Apple juice, apple cider, or a variety of fruit juices can actually work as a bourbon substitute, so, parents of toddlers, rejoice, since we know you've got an assortment of the stuff stashed in the fridge. If you aren't baking and, instead making something savory like a barbecue sauce, glaze, or pan sauce, a fruit juice like apple juice or apple cider could be one of the better substitutes for the bourbon you're lacking. Even though apple juice doesn't really have any of the tasting notes or qualities of bourbon (except maybe being a little bit similar in color), the reason it acts as a decent swap is that it generally tends to work well with the same ingredients you'd see in a recipe with bourbon.

So, a recipe where the swap could work is savory one where bourbon isn't used in a huge quantity. Since the holidays are coming, try steaming green beans until crisp-tender. Top with a sauce made from crumbled bacon, caramelized onions, and a bourbon pan sauce. Once the bacon is done cooking, remove from the pan, reserving the fat. Cook the onions and once caramelized, add a pat of butter and about a tablespoon of bourbon — sub in the apple juice here. Crumble the bacon and combine with the sauce and onions, then drizzle over the green beans.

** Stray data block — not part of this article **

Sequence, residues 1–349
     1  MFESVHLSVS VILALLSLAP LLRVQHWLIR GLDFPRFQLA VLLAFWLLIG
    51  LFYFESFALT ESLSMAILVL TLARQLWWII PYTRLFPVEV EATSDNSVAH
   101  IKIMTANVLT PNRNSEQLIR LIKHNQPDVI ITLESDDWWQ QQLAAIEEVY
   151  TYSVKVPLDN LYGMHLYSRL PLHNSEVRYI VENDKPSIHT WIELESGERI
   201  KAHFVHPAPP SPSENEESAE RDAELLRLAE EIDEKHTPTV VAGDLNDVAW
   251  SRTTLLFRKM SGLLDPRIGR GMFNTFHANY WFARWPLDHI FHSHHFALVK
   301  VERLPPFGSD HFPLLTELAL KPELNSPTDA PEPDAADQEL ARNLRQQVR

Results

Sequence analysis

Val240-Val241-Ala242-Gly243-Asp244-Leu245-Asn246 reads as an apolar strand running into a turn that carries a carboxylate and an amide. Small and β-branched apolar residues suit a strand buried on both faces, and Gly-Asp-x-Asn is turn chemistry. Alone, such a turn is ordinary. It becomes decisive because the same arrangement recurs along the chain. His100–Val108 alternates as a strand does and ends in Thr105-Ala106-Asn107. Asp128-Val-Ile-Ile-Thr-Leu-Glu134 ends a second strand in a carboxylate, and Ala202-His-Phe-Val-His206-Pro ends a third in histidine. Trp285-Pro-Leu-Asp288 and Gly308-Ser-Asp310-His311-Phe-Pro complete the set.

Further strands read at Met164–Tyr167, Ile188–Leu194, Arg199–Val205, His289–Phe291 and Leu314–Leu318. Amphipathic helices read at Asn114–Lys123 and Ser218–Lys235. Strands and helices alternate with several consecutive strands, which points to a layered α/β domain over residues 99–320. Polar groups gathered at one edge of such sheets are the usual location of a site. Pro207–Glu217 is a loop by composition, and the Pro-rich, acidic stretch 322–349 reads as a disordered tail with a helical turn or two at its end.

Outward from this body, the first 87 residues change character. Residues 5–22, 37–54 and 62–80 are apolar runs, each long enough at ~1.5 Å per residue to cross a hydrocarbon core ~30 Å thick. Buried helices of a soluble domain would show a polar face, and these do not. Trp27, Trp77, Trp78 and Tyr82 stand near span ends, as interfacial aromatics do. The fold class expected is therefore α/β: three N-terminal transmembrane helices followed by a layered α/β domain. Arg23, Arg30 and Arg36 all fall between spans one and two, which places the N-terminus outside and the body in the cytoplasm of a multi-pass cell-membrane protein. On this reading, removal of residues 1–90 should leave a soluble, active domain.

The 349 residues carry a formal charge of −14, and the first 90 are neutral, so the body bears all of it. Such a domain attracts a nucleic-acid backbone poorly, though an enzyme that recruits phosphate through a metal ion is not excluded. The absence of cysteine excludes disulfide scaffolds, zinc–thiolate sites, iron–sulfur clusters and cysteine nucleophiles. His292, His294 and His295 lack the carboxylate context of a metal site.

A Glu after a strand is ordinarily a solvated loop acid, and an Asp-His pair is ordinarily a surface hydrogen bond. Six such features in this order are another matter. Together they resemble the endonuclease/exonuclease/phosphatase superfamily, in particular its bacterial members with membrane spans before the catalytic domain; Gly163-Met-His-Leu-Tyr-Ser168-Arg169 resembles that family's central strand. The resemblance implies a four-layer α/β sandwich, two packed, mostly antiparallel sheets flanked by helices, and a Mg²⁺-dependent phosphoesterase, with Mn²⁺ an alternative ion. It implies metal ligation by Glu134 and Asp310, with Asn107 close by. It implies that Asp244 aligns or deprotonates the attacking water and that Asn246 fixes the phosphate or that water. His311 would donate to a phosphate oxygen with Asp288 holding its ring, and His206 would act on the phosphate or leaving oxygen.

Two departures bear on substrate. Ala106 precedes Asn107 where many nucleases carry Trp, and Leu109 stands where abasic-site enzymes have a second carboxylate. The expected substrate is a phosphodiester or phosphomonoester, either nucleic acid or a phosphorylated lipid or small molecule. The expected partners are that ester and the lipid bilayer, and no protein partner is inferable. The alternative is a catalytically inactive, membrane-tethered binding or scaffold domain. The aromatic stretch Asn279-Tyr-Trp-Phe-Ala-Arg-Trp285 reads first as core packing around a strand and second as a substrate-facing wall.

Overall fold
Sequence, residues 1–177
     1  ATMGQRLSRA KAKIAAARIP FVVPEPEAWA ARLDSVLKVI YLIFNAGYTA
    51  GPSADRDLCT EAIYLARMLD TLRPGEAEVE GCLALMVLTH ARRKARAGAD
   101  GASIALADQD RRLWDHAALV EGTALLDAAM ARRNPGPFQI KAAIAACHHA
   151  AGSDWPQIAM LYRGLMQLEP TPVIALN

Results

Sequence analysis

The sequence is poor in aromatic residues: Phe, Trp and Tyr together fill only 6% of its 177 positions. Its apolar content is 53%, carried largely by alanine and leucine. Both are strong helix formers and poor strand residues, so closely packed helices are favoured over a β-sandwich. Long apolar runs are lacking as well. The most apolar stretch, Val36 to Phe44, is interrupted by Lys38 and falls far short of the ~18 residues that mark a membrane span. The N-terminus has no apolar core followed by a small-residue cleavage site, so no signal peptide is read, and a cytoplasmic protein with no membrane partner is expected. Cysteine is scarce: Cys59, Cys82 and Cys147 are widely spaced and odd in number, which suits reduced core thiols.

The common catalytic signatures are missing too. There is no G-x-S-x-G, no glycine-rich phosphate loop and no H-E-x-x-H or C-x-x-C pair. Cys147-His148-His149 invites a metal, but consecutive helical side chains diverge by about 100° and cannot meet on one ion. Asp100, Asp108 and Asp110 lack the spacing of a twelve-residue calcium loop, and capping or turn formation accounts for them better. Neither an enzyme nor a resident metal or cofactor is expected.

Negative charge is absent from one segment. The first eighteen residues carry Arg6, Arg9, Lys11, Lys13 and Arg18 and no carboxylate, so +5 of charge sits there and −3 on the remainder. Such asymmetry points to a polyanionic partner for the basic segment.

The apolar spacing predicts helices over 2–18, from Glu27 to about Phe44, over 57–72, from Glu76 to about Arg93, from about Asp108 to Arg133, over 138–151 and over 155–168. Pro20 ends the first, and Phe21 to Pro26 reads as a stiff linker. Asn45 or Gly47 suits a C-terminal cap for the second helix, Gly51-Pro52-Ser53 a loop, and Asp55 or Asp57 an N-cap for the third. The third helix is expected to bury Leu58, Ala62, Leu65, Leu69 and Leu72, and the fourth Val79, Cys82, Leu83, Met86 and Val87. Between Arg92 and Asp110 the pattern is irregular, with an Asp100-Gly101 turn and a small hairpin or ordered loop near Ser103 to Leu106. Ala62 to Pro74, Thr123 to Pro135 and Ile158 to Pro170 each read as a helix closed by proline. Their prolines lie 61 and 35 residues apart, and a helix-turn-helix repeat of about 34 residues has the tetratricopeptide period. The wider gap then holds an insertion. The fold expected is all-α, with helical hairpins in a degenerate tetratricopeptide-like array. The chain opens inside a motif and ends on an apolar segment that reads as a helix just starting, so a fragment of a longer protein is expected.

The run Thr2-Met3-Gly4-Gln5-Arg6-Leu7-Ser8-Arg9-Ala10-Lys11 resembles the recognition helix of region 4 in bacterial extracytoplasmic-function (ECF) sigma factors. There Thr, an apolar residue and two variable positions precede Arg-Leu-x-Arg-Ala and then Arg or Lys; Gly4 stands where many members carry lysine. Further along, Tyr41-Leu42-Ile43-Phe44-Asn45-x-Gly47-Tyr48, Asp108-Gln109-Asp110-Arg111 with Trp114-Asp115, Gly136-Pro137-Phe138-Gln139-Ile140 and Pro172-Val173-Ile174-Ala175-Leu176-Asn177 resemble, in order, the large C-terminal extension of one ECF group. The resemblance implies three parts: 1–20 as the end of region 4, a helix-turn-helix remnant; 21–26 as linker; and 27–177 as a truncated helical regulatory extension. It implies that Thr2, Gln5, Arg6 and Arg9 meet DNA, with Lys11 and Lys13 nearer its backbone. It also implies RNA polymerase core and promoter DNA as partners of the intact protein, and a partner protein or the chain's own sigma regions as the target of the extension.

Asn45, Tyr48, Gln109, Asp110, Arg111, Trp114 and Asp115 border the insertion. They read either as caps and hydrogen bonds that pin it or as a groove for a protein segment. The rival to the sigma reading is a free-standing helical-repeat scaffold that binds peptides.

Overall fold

10. Coffee, brown sugar, and molasses

The last and arguably oddest bourbon substitute is a combination of black coffee, brown sugar, and molasses, mixed in equal parts to equal whatever amount of bourbon you're replacing. The combination actually mimics the complex flavors of bourbon while cooking, allowing it to seamlessly act as a substitute without too much notice. It makes sense, considering many bourbons present notes of brown sugar and molasses upfront. The coffee — like the apple cider vinegar in the earlier swap — provides both depth and acidity to balance the sweetness of the other elements in the mixture.

A recipe where this swap could work? Maple Bourbon Steak Tips features a delicious marinade made from maple syrup, bourbon, pineapple juice, Dijon mustard, minced garlic, salt, and black pepper. Swap in your coffee, brown sugar, and molasses for the quarter cup of bourbon here, going for two tablespoons of black coffee, one tablespoon of brown sugar, and one tablespoon of molasses. We're going for a bit of an uneven ratio here as we don't want the marinade to be too sweet, and the coffee will help keep the marinade more liquid than not. After marinating your steak tips in the delicious concoction for at least an hour, cook in a cast iron skillet to the desired doneness, basting with more marinade as you go. Serve over mashed potatoes for a cozy meal.